GovHack in Australia is a hackathon-style program, more focused on practical innovation results through the work of developers and others harnessing digital technologies and open data. GovCamp is about dialogue and ‘social knowledge’: new ways of capturing emergent challenges and innovative approaches. The two initiatives are separate with different leadership and coordination teams, but with a shared parentage so we collaborate and share ideas quite a bit.

We used our Analytics and Visualisation tools to track the conversations that came out of them.

GovHack

GovHack is “about finding new ways to do great things and encouraging open government and open data”, and the 2014 event took place from Friday 11 July at 7:30pm until Sunday 13 July 5:30pm.

There were several events across Australia as can be seen in the heatmap and list of top cities. The largest amount of tweets during the event came from Canberra, closely followed by Perth and Melbourne.

Overall there were 4,900 tweets from 960 different accounts during the 3 days of the event, and #GovHack officially trended on Twitter in Canberra and nationally in Australia. You can see an iTrended report of the positions it reached here.

The top hashtags outside #GovHack were #unleashedadl and #opendata.

Judging is now taking place, and the Red Carpet Awards take place in Brisbane on 10th August.

We’ve put together a visualisation which highlights the main activity and top tweets across the 3 days.

Click on the image to the right to start the visualisation >

download (37)

GovCampAU

GovCamp “aims to provide open, participatory spaces for the free exchange of ideas and experience”, and the 2014 event took place on Saturday 19 July.

Again, there were several events across the country, and again, Canberra led the way with the most tweets, followed by Melbourne, Sydney, Brisbane and Perth.

Overall there were 1,700 tweets from 360 different accounts on the day, and #GCAU officially trended on Twitter in Adelaide, Brisbane, Canberra, Darwin, Melbourne, Perth, Sydney and nationally in Australia. You can see an iTrended report of the positions it reached here.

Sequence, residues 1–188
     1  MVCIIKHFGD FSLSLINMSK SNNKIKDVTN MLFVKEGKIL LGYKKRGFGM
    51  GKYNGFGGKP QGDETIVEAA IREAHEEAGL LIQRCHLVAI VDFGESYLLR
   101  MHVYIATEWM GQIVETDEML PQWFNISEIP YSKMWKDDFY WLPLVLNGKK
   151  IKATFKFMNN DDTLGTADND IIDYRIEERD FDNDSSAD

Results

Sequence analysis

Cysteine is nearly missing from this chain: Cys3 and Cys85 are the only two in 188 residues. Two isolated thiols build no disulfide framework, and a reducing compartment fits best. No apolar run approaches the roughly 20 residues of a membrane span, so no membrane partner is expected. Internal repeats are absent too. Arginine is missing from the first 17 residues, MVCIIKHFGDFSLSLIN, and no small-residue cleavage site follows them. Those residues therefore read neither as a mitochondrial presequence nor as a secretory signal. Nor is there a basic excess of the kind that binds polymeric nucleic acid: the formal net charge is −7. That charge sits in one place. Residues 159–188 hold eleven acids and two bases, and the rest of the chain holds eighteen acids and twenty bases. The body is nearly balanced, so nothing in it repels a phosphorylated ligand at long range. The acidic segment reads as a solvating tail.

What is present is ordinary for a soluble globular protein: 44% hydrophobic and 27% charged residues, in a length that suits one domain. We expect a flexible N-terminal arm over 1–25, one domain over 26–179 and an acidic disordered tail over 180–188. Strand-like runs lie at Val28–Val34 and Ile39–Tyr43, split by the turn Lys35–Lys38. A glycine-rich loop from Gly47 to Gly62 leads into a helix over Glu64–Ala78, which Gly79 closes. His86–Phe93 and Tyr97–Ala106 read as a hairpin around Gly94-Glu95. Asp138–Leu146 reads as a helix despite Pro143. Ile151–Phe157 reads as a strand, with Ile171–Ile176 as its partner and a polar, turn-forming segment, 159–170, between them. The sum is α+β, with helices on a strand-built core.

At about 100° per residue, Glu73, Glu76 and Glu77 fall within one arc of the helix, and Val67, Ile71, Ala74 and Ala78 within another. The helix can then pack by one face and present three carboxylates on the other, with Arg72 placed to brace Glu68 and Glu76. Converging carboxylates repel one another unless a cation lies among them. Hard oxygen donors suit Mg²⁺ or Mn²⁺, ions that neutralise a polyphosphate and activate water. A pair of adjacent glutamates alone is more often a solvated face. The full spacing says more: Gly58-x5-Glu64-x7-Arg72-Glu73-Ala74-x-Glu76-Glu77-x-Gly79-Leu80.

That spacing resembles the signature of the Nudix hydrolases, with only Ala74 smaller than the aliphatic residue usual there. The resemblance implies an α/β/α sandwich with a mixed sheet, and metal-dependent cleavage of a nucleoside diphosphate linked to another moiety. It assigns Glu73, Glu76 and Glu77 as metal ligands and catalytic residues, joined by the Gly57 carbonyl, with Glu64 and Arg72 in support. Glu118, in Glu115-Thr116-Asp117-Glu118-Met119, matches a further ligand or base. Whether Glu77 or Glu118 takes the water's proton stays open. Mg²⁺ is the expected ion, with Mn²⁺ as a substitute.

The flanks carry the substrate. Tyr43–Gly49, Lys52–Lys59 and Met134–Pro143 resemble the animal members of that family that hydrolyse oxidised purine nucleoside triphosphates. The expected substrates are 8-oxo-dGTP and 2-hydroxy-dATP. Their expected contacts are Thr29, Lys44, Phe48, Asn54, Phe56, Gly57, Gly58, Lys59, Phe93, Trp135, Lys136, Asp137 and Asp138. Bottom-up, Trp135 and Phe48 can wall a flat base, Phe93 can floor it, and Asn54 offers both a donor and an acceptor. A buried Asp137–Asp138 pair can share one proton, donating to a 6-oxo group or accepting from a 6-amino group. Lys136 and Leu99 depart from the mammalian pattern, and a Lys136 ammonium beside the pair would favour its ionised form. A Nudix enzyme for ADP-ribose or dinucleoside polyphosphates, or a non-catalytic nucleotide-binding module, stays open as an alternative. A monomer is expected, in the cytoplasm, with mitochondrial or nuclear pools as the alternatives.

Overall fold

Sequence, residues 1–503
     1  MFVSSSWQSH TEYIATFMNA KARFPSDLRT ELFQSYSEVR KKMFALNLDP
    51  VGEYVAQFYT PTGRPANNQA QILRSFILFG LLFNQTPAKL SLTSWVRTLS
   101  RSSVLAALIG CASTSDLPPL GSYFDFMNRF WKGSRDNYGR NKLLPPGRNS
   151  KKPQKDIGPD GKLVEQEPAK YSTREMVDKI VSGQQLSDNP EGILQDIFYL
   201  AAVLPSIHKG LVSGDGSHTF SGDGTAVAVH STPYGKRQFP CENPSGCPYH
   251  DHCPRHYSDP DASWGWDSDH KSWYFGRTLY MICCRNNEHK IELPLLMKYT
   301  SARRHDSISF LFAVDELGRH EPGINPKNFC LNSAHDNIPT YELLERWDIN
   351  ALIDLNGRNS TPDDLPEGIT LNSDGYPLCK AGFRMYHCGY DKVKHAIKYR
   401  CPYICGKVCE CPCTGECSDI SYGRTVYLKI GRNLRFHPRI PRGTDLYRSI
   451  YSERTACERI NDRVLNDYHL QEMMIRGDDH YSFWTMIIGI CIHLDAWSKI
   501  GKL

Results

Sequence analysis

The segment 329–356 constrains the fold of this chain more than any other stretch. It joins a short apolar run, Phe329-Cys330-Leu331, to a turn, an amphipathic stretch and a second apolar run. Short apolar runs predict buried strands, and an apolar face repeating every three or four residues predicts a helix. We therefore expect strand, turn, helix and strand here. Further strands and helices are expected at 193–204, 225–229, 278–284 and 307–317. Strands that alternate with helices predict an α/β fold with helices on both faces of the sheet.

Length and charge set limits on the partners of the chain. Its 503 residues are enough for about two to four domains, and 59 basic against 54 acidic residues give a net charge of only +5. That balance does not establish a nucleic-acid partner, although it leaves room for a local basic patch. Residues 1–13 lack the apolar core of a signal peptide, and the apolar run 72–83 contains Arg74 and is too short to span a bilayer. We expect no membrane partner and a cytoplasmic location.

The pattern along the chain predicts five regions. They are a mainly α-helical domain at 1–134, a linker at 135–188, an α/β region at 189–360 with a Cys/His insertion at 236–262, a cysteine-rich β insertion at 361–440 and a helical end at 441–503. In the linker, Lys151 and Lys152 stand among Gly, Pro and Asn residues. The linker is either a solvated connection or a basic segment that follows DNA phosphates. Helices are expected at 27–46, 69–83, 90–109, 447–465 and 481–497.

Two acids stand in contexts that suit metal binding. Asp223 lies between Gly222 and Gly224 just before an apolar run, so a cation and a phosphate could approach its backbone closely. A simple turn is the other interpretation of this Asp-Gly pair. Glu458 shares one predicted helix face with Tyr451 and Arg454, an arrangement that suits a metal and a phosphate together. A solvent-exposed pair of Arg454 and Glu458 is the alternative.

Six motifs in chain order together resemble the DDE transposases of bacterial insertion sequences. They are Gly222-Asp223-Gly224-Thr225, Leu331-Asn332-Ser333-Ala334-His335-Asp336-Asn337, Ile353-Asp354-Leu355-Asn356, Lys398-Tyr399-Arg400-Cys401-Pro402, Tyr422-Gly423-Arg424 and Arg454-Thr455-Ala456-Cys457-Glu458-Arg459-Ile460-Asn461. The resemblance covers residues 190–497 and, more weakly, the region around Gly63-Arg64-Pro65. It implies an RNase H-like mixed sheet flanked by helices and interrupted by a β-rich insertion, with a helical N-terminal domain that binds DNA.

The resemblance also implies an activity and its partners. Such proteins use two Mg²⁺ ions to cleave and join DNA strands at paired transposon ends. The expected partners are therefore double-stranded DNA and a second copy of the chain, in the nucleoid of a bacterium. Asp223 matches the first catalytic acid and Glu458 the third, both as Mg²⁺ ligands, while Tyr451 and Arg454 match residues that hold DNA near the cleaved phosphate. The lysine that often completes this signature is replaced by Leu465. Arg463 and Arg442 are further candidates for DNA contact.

Again, we’ve put together a visualisation which highlights the main activity and top tweets across the day.

Click on the image to the right to start the visualisation >

Congratulations to the organisers of both events, and all participants who donated their time and energies to work towards better governments across Australia.

download (37)

World Cup highlights – Visualisations for all 2014 matches

The last 4 weeks has seen the World Cup take over Twitter, with hundreds of millions of tweets making it a truly global event, and fortunately not a single vuvuzela.

We’ve crunched all the tweets to create highlights visualisations for every single match.

All the match visualisations are listed here

For each match you can see the global activity and a timeline chart for each team, as well as the top tweets.

You can pause or change the speed of the animation in the bottom right, control the speed by scrolling the sidebar next to the tweets, or jump to particular moments by clicking on the timeline.

The map is interactive too – so you can zoom into a particular area.

Below is the visualisation for the final.

Click here to see links to visualisations for all the matches.

We will soon be launching this as a self-service tool, so get in touch if you would like to create these yourself.

Wimbledon 2014 – Top Gentlemen’s Players on Twitter

We just covered the Wimbledon Ladies‘ tournament, and here follows the equivalent for the Gentlemen’s.

The graph below shows the relative mentions 10 most mentioned Gentlemen over the 2 weeks of the tournament. There’s a key at below that graph, and you can also hover over any stream you’ll be able to see the person that relates to.

You can clearly see the rise of Australian Nick Kyrgios through the rounds, with the defeat of Rafael Nadal in the fourth round. Also in a similar fashion was the rise of Canadian Milos Raonic, who nearly joined his compatriot, Euginie Bouchard in becoming the first Canadians into a Wimbledon final.

Roger Federer’s support on Twitter was very strong throughout, and even though he didn’t win, he is clearly a crowd favourite, and at least beat Novak on Twitter.

Again we have created a visualisation showing the last week of activity for the finalists. Below you can see a heatmap of mentions around world, a chart showing the volumes over the week, and at the side we’re displaying the top tweets.

There are controls to change the speed or pause the animation, and you can also view at your own speed by using the sidebar to the right of the tweets.